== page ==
Greatest Team Weakness: Right field. The projected Opening Day starter, David Murphy, hit .262/.319/.3853 in 2014 and doubled as one of the worst defensive outfielders in the game. The plan is for Murphy to keep the spot warm until Nick Swisher returns from offseason knee surgery sometime soon after the beginning of the season. Unfortunately, Swisher hit a sub-Murphian .208/.278/.331, played equally horrible defense, and ranked as the fifth-worst player in the majors by Wins Above Replacement.4 At $15 million a year for his age-34 and -35 seasons, Swisher’s contract ranks as one of the worst albatrosses in baseball, especially given the Indians’ limited payroll. He was so bad last year that even the big improvement projected above would raise him only to the level of “semi-mediocre.”
Even in today’s low-offense environment, subpar numbers for a corner outfielder.
Minimum 400 plate appearances.
Player We Can’t Wait to Watch: Francisco Lindor. While the 21-year-old has played only 38 games at Triple-A, producing a so-so line of .273/.307/.388 in the process, he’s a consensus top-10 prospect. With a plus hit tool to complement his impressive speed and defensive ability, Lindor could force his way into the lineup by this summer — and he’ll be a reason to tune into Tribe games from the moment he arrives.
Noteworthy Miscellaneous Stat: From 2013 to 2014, Jason Kipnis’s WRC+ fell from 129 to 86 — the biggest performance drop for any full-time second baseman in the majors. Although the playing time was mostly there, Kipnis did miss 33 games with oblique and leg injuries, which continued to hamper him even when he was in the lineup. Add offseason surgery on his left ring finger and a nagging back injury this spring, and things don’t look great going forward. But Kipnis doesn’t turn 28 until next month, and he’s just one year removed from an All-Star season that included an 11th-place MVP finish. A bounce-back season for the middle infielder could add three or four wins to Cleveland’s ledger all by itself.
Off-Field Story Line: Progressive Field hasn’t packed ’em in since the ’90s and early ’00s, and attendance has dropped by more than 50 percent since the franchise’s 1999 peak. Despite 92 wins and a playoff appearance in 2013, followed by an 85-win season that included meaningful games in September, Cleveland still finished last in the American League in fans per game last year. Management hopes that extensive stadium renovations will drive more fans to the ballpark, but a return to the postseason certainly wouldn’t hurt.
Projected Record and Over/Under: 84-78 — OVER. ZiPS, Steamer, PECOTA, and all the other projection systems don’t see a team that won 177 games over the past two seasons or a group with a young and talented pitching staff and a borderline MVP-caliber second baseman coming off a miserable season who’s primed for a big comeback. Instead, they see the monster 2014 seasons turned in by Kluber and Brantley as flukes, and project big crashes down to earth, along with mild regression sprinkled all over the rest of the roster. Granted, the smart money tends to bet against monumental breakouts like Kluber’s and Brantley’s from repeating, but the team’s youth, the addition of Moss’s power bat, the potential for big improvements in the rotation and the batting order, and Cleveland’s ability to scratch out little edges such as handedness advantages all bode well for an exciting season in Ohio.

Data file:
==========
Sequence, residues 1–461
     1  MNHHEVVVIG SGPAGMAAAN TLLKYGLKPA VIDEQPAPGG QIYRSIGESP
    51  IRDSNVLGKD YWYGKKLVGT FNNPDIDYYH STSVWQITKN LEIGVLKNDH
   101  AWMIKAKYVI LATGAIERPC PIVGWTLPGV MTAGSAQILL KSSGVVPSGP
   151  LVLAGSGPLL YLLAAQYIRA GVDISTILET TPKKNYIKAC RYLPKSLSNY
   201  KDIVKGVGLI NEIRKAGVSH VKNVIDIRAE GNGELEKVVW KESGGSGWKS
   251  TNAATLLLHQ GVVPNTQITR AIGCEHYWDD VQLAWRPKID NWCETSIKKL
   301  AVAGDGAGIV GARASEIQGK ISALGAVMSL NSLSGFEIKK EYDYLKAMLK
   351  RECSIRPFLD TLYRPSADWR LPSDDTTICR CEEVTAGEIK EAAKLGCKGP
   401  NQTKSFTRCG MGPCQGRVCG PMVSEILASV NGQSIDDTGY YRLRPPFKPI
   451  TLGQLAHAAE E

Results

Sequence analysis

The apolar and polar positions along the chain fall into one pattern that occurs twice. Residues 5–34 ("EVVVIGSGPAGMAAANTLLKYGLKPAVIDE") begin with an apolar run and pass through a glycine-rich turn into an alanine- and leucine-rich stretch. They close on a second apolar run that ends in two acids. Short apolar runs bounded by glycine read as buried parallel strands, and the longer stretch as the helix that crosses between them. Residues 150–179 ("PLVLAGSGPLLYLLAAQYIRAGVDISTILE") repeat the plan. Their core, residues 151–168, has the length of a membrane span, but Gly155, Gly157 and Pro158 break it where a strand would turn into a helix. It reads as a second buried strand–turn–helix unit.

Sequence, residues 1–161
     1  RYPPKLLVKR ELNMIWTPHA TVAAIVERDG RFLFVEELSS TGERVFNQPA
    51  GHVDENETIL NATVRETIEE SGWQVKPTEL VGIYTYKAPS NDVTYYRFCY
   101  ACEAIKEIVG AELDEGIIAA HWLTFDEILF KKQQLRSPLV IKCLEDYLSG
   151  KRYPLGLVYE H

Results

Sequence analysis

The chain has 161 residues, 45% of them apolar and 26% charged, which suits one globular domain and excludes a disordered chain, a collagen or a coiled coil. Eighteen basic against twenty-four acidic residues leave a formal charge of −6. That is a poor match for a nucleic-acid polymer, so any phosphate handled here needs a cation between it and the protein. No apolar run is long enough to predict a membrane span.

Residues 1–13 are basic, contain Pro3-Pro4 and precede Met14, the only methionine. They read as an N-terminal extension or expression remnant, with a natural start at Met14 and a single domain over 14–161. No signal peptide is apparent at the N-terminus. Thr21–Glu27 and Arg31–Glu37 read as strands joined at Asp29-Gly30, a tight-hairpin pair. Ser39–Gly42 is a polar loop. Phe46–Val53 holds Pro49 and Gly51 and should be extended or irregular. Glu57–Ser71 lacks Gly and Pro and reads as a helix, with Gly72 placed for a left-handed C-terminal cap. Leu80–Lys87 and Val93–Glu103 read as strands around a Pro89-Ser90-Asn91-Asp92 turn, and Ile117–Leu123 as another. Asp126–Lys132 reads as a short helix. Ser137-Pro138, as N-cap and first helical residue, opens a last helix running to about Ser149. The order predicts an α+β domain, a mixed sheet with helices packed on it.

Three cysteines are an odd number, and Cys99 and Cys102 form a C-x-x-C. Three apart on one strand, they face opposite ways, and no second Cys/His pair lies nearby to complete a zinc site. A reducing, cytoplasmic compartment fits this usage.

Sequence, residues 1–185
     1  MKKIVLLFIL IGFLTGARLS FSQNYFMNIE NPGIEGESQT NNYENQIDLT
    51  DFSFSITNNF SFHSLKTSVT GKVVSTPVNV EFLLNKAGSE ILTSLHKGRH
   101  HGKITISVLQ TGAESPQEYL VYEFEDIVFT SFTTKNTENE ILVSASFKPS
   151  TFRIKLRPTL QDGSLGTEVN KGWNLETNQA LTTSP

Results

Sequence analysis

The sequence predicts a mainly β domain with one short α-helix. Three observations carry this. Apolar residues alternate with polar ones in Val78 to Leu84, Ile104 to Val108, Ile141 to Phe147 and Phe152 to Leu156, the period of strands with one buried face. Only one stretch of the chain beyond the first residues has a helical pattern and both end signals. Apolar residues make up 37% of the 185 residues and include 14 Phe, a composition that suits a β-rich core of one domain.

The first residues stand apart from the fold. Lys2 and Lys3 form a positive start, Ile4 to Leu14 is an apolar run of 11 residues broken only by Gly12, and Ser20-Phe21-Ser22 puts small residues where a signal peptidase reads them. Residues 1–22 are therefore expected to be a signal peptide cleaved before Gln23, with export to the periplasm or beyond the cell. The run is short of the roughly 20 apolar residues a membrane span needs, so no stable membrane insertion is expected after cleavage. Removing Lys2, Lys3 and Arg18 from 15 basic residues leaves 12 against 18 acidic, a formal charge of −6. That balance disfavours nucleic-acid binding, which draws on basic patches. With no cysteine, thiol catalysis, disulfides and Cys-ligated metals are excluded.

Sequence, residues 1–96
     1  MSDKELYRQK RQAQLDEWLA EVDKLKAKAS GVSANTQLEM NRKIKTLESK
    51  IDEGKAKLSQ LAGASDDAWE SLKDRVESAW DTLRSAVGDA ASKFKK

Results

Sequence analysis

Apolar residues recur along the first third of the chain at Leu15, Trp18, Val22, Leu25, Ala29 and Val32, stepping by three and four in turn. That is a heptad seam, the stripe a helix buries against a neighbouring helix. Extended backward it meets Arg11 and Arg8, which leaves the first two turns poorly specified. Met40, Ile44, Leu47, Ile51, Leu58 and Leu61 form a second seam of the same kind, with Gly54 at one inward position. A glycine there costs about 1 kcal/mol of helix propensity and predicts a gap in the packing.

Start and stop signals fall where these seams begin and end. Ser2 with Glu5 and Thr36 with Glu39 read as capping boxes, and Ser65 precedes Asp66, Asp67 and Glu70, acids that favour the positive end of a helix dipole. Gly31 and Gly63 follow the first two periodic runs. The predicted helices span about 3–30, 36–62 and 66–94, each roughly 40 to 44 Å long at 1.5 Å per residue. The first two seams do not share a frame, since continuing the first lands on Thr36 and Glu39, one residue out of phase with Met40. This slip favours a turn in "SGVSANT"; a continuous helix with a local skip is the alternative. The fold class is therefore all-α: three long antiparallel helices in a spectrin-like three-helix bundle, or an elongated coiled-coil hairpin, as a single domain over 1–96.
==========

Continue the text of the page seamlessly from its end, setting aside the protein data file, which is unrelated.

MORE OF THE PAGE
Go ahead and bet the over on 84 wins being enough to claim the AL Central this year. Steamer projects the Indians and Tigers to tie for the most victories in the division, but I’m backing the Tribe by a whisker.
2. Detroit Tigers
Mark Cunningham/Getty Images
|Tigers Projected Starting Lineup|
|1||2B Ian Kinsler||R||.268/.323/.413||107||644|
|2||CF Anthony Gose||L||.245/.305/.345||83||420|
|3||1B Miguel Cabrera||R||.312/.386/.544||158||630|
|4||DH Victor Martinez||S||.306/.368/.479||133||532|
|5||RF J.D. Martinez||R||.278/.325/.473||122||588|
|6||LF Yoenis Cespedes||R||.271/.320/.473||120||595|
|7||C Alex Avila||L||.230/.331/.376||101||419|
|8||3B Nick Castellanos||R||.272/.320/.428||108||581|
|9||SS Jose Iglesias||R||.255/.299/.325||75||483|
|Tigers Projected Starting Rotation|
|1||LHP David Price||3.45||3.24||220.0||8.6||1.7|
|2||RHP Justin Verlander||3.83||3.72||209.0||7.7||2.7|
|3||RHP Anibal Sanchez||3.55||3.31||163.0||8.0||2.3|
|4||RHP Alfredo Simon||4.71||4.59||146.0||5.4||2.8|
|5||RHP Shane Greene||4.45||4.19||130.0||7.0||3.3|
Biggest Projected Hitter/Pitcher Improvement: Nick Castellanos, 2.1 WAR/600; Joe Nathan, 0.8 WAR/200 IP
Biggest Projected Hitter/Pitcher Decline: J.D. Martinez, minus-2.3 WAR/600; Joba Chamberlain, minus-2.2 WAR/200 IP
Hitter With Most Projected Days Missed: Victor Martinez, 25 days
Highest Projected Starting Pitcher DL Probability: Anibal Sanchez, 47 percent